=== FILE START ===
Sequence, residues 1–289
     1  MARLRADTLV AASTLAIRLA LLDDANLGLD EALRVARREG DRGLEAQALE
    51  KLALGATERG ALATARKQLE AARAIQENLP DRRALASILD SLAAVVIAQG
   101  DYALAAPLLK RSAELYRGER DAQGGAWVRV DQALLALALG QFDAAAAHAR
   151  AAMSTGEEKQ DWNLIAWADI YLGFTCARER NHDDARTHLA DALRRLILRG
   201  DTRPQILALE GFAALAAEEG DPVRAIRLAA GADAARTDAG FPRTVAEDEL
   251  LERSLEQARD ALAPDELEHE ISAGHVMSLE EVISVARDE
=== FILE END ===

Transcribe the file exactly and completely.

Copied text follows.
Sequence, residues 1–289
     1  MARLRADTLV AASTLAIRLA LLDDANLGLD EALRVARREG DRGLEAQALE
    51  KLALGATERG ALATARKQLE AARAIQENLP DRRALASILD SLAAVVIAQG
   101  DYALAAPLLK RSAELYRGER DAQGGAWVRV DQALLALALG QFDAAAAHAR
   151  AAMSTGEEKQ DWNLIAWADI YLGFTCARER NHDDARTHLA DALRRLILRG
   201  DTRPQILALE GFAALAAEEG DPVRAIRLAA GADAARTDAG FPRTVAEDEL
   251  LERSLEQARD ALAPDELEHE ISAGHVMSLE EVISVARDE